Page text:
Sometimes you can’t believe what people tell you

I don’t want to say exactly who — or even “whom” for that matter — but some of my friends are so old, that waaay back when they were in Grade 1, there was only one television channel and it was in black and white, and the only thing on it after midnight was an Indian Head Test Pattern

I don’t want to say exactly who — or even “whom” for that matter — but some of my friends are so old, that waaay back when they were in Grade 1, there was only one television channel and it was in black and white, and the only thing on it after midnight was an Indian Head Test Pattern.

I think they must be pulling my leg.

And never mind CDs and DVDs! They say eight-track tapes and audio cassettes hadn’t even been invented yet. They had something called “LPs” and “45s” and machines called “record players.”

Never mind cellphones. They claim that phones were permanently attached to walls and they were made of some weird thick and heavy material similar to plastic, before plastic got soft and squishy, and by some governmental decree all telephones in those days had to be matt black.

And I just shake my head when they try to tell me that you only had to dial four numbers to make a local call!

Yeah, right. And cars had only three gears and the standard stick shift was on the steering wheel. And cars all had bench seats in the front! I don’t think so.

These very same people, who aren’t even senior citizens yet, try to tell me that they never even had ball point pens in elementary school. They say, with a straight face, that everyone learned to print with a pencil the size of a stick of dynamite, and they learned to write “longhand” (whatever that is) with a fountain pen. Or more to the point, something called a “straight pen” that had interchangeable “nibs” that you dipped into a glass bottle of ink which sat in a hole in the corner of the desk, and which apparently was called an “ink well.”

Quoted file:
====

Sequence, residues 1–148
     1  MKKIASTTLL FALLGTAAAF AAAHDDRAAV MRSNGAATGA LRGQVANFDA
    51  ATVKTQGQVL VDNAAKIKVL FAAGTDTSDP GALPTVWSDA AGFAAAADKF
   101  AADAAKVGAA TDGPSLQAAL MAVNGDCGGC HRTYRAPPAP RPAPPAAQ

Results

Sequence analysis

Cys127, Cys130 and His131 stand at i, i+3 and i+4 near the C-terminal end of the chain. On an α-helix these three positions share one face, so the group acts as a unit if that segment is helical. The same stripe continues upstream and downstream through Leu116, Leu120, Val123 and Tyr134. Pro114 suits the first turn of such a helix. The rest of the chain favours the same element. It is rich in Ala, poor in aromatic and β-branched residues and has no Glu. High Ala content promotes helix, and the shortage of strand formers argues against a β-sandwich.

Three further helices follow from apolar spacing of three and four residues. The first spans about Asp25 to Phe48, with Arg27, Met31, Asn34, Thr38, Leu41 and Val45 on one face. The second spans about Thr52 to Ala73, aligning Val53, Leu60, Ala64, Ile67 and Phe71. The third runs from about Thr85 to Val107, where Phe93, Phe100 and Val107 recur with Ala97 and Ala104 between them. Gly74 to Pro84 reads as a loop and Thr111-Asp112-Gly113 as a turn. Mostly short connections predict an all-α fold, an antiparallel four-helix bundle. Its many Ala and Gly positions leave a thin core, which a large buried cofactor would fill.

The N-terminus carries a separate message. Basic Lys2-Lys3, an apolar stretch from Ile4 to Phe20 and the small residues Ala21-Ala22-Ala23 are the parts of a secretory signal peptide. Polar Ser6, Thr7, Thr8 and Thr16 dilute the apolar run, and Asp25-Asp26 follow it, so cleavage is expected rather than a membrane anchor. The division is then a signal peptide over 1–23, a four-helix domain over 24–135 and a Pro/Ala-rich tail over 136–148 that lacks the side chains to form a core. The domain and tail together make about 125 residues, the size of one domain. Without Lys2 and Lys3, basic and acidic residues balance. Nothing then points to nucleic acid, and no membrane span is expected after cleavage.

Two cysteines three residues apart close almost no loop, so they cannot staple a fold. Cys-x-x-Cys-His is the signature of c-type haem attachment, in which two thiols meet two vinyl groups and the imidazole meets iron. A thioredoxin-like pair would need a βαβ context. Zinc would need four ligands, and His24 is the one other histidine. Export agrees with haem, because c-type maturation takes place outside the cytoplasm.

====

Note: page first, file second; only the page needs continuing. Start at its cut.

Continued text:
Supposedly, they even used something called a “blotter,” which they say was a thick piece of soft paper that they pressed into the wet ink after they wrote something so that it would dry and not smear.

Grade 1, mind you. Can you imagine turning a room full of energetic, dangerously enthusiastic Grade 1-ers loose with straight pens containing sharp nib points and bottles of ink?

Next thing they’ll tell me is that a bottle of Coke used to cost five cents out of a vending machine.


Nonetheless, I still have faint stains … I mean, I’m sure my friends still have faint stains of Sheaffer’s Permanent India Ink on their fingers!

I’ve even heard about playing something called “board” games, which teenagers nowadays would no doubt call “bored” games, with names like Clue and Sorry and card games that weren’t called Texas Holdem and involved no money or chips or wearing sunglasses while playing.

Card games with names like Crib or Hearts or Crazy 8s, instead of today’s chief form of ‘family’ entertainment called “video games.” This digital deluge features outrageously expensive games with titles like Bloodspurt 2 and Demon Zombies of Fiendish Evil.

They say their board and card games were played by sitting around a table, facing each other and often actually talking to each other, perhaps smiling or even laughing once in a while.

As opposed to playing video games sitting side by side facing an HD flat screen plasma monitor worth twice what I paid for my first car, with fully EQ-ed, room-shaking Googlaphonic Sound Surround speaker system with woofers and tweeters that can be clearly heard by the astronauts on the space station.

Where no one talks or looks at each other on account of they are too busy killing eerily lifelike characters on the screen with various lethal weapons ranging from razor-sharp ninja swords to semi-automatic Russian machine guns and laser-guided rocket launchers.

Such a long way from playing Old Maid at the kitchen table with your cousins on Saturday afternoons.

And when I remember … I mean, when I hear all these tall tales from my friends, it kind of gives me pause. In the sense that a freight train coming at you in a stalled car in the middle of the railroad tracks gives you pause.

I’m thinking: if there has really been that much crazy change in just a few decades, what in the name of PlayStation 3 will the next few decades bring?

Maybe it’ll be those floating cars my friends tell me were always featured in articles about the year 2000 in Popular Mechanics magazines in the ’50s. Or teleporting from place to place like in Star Trek by dissolving and reappearing somewhere else instead of taking expensive transportation. Or 3D holograms instead of flat screen TV. (I hope they hurry up with that one — especially if they still do shows like the Sports Illustrated Swim Suit special.)

Sometimes, though, I know all this hurtling vortex of change makes my … I mean, makes my elderly friends’ heads swim as they cling onto the flotsam and jetsam of a not-so-distant Luddite past. As writer Peal S. Buck said: “You can judge your age by the amount of pain you feel when you come in contact with a new idea.”

No wonder I ache all the time. True story: I just finished writing this with a fountain pen.

Now if I could only get my eight-track player to work.

Harley Hay is a local filmmaker and freelance writer.

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